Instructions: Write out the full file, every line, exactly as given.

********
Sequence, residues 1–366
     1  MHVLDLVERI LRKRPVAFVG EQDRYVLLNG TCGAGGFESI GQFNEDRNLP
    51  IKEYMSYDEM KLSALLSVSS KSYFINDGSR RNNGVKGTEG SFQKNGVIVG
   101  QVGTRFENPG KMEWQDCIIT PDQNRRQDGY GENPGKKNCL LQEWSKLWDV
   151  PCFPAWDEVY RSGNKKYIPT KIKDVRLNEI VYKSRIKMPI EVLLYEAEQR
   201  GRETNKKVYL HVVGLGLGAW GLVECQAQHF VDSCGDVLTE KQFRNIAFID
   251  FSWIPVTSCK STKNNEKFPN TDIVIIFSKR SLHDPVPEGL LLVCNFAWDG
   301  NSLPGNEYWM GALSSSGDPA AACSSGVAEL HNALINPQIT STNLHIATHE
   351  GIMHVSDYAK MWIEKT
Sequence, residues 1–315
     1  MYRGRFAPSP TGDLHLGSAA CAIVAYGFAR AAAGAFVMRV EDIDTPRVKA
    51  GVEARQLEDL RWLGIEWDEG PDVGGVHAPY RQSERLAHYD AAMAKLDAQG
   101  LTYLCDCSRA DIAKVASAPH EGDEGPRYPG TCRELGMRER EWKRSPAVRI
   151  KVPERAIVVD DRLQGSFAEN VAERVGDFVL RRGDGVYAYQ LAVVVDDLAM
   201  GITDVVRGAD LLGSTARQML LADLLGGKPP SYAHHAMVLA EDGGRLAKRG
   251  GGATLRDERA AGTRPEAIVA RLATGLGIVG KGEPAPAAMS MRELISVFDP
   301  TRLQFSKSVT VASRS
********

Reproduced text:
Sequence, residues 1–366
     1  MHVLDLVERI LRKRPVAFVG EQDRYVLLNG TCGAGGFESI GQFNEDRNLP
    51  IKEYMSYDEM KLSALLSVSS KSYFINDGSR RNNGVKGTEG SFQKNGVIVG
   101  QVGTRFENPG KMEWQDCIIT PDQNRRQDGY GENPGKKNCL LQEWSKLWDV
   151  PCFPAWDEVY RSGNKKYIPT KIKDVRLNEI VYKSRIKMPI EVLLYEAEQR
   201  GRETNKKVYL HVVGLGLGAW GLVECQAQHF VDSCGDVLTE KQFRNIAFID
   251  FSWIPVTSCK STKNNEKFPN TDIVIIFSKR SLHDPVPEGL LLVCNFAWDG
   301  NSLPGNEYWM GALSSSGDPA AACSSGVAEL HNALINPQIT STNLHIATHE
   351  GIMHVSDYAK MWIEKT
Sequence, residues 1–315
     1  MYRGRFAPSP TGDLHLGSAA CAIVAYGFAR AAAGAFVMRV EDIDTPRVKA
    51  GVEARQLEDL RWLGIEWDEG PDVGGVHAPY RQSERLAHYD AAMAKLDAQG
   101  LTYLCDCSRA DIAKVASAPH EGDEGPRYPG TCRELGMRER EWKRSPAVRI
   151  KVPERAIVVD DRLQGSFAEN VAERVGDFVL RRGDGVYAYQ LAVVVDDLAM
   201  GITDVVRGAD LLGSTARQML LADLLGGKPP SYAHHAMVLA EDGGRLAKRG
   251  GGATLRDERA AGTRPEAIVA RLATGLGIVG KGEPAPAAMS MRELISVFDP
   301  TRLQFSKSVT VASRS